A new study from the University of Iowa finds that type 2 diabetes remains overwhelmingly the most common type of diabetes diagnosed in American adults who have the disease. The study found that 8.5% of American adults have been diagnosed with type 2 diabetes and 5% with type 1 diabetes.

Among those who are diagnosed with diabetes, 91.2% have type 2 diabetes and 5.6% have type 1 diabetes. The study was published in the British Medical Journal.

Although previous survey studies have reported the rate of diabetes in the United States, the rates by diabetes subtypes type 1, type 2, or another type were virtually unknown. These two types of diabetes differ not only by their causes but also by their clinical manifestations and treatment strategies.

Insulin

Type 1 diabetes is an auto-immune disease that typically develops in childhood. Patients with type 1 diabetes also have problems in producing insulin, and therefore they require insulin treatment for survival.

Type 2 diabetes mostly develops in adulthood and is caused by a complex interplay between genetic and environmental factors such as obesity, unhealthy diet and physical inactivity. Type 2 diabetes is treated with lifestyle change, medication, and/or insulin.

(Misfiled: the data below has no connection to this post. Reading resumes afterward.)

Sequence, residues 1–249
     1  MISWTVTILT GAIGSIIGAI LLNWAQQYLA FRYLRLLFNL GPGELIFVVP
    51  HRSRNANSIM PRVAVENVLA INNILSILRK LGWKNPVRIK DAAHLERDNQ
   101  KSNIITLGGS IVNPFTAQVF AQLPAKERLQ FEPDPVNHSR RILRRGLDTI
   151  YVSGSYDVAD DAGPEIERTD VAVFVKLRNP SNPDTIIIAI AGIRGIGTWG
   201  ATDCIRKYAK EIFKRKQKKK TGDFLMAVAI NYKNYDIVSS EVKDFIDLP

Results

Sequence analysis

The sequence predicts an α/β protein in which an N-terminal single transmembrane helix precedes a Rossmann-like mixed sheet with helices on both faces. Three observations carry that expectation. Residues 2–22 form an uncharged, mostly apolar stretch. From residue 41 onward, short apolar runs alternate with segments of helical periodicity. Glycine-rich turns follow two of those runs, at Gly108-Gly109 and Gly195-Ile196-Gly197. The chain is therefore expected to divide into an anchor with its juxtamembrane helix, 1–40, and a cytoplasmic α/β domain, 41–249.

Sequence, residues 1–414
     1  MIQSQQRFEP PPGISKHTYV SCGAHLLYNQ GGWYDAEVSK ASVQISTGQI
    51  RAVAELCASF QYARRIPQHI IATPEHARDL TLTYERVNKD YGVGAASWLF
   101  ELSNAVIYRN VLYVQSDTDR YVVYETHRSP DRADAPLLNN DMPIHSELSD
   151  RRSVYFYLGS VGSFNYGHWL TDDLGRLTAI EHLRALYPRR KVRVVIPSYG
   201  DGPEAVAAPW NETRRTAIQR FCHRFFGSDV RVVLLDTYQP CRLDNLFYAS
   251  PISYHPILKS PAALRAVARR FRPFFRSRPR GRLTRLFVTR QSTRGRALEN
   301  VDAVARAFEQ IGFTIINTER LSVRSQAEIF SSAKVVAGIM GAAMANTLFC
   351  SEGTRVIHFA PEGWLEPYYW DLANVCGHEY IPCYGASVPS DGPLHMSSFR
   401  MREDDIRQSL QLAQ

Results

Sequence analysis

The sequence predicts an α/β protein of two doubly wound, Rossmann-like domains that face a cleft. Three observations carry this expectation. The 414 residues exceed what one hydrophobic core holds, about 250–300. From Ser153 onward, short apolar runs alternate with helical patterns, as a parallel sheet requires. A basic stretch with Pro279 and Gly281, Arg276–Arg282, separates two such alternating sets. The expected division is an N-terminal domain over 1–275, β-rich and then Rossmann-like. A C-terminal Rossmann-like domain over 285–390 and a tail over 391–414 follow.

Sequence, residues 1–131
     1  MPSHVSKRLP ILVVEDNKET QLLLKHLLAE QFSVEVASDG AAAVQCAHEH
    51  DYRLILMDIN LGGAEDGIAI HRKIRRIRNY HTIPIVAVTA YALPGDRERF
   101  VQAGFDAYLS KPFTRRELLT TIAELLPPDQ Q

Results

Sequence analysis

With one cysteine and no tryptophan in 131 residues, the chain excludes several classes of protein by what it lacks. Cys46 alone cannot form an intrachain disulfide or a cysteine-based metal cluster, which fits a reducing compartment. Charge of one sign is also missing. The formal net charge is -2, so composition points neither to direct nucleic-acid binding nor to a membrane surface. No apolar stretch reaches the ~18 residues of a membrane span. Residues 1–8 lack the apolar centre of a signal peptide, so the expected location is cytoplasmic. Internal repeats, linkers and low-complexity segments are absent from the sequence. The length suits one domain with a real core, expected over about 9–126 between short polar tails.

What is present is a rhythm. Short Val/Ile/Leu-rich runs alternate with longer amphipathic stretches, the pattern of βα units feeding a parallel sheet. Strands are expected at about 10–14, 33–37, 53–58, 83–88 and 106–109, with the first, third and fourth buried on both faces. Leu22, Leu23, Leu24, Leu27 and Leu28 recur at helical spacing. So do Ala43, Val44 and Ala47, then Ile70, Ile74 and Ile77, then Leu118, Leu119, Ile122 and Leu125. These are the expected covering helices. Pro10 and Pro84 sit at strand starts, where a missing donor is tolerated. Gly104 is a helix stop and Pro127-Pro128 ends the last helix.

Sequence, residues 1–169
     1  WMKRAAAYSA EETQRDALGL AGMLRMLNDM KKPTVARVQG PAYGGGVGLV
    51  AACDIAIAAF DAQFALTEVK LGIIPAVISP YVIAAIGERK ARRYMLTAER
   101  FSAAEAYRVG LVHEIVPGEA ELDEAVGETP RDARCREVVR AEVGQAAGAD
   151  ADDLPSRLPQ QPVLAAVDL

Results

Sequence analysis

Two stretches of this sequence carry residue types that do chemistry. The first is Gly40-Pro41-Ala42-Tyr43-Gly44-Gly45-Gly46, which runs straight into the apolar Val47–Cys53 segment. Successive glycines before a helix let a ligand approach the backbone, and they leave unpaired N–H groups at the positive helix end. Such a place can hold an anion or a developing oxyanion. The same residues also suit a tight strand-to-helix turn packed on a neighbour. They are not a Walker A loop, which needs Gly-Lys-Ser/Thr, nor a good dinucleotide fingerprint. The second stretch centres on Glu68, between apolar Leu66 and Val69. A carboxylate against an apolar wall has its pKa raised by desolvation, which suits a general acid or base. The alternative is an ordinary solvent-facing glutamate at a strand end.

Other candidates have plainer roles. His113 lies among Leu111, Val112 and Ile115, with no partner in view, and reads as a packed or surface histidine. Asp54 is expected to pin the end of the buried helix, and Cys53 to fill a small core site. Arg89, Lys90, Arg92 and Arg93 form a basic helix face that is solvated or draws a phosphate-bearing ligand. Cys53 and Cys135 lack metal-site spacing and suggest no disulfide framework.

Lifestyle Changes

Type 2 diabetes can be prevented through lifestyle changes, but so far, there is no established method for preventing type 1 diabetes. The study is based on data gathered by the CDC's National Health Interview Survey (NHIS), which is conducted annually by survey-takers who visit peoples' homes and ask them about their health.

Bao says the NHIS is the first and only national health survey that attempts to determine how many adults have each type of diabetes. In 2016, survey takers started to ask respondents who had been diagnosed with diabetes if they had type 1, type 2, or another type.

Bao acknowledges that the present study has a limitation in that it relies on self-reported data from respondents, so it could be subject to reporting errors. However, he says the results provide a benchmark for future surveys to better determine the prevalence of type 1 diabetes and type 2 diabetes in adults.

Also, this study only has data on diagnosed diabetes and could not determine the rate of undiagnosed diabetes. Bao emphasizes the need to continue monitoring the dynamic changes of these two types of diabetes in the American population.

Americans report type 2 diabetes as a result of the ongoing obesity epidemic. But he also wouldn't be surprised if more adults have type 1 diabetes because of improved treatments that keep patients alive longer.

Prevalence And Diagnosis

Type 1 diabetes used to be lethal for children years ago and so children who had the disease had shorter lifespans. Now, treatment has been improved to be so effective that a lot of children will survive well into adulthood. Prevalence of diagnosed type 1 and type 2 diabetes among U.S. adults in 2016 and 2017: a population-based study.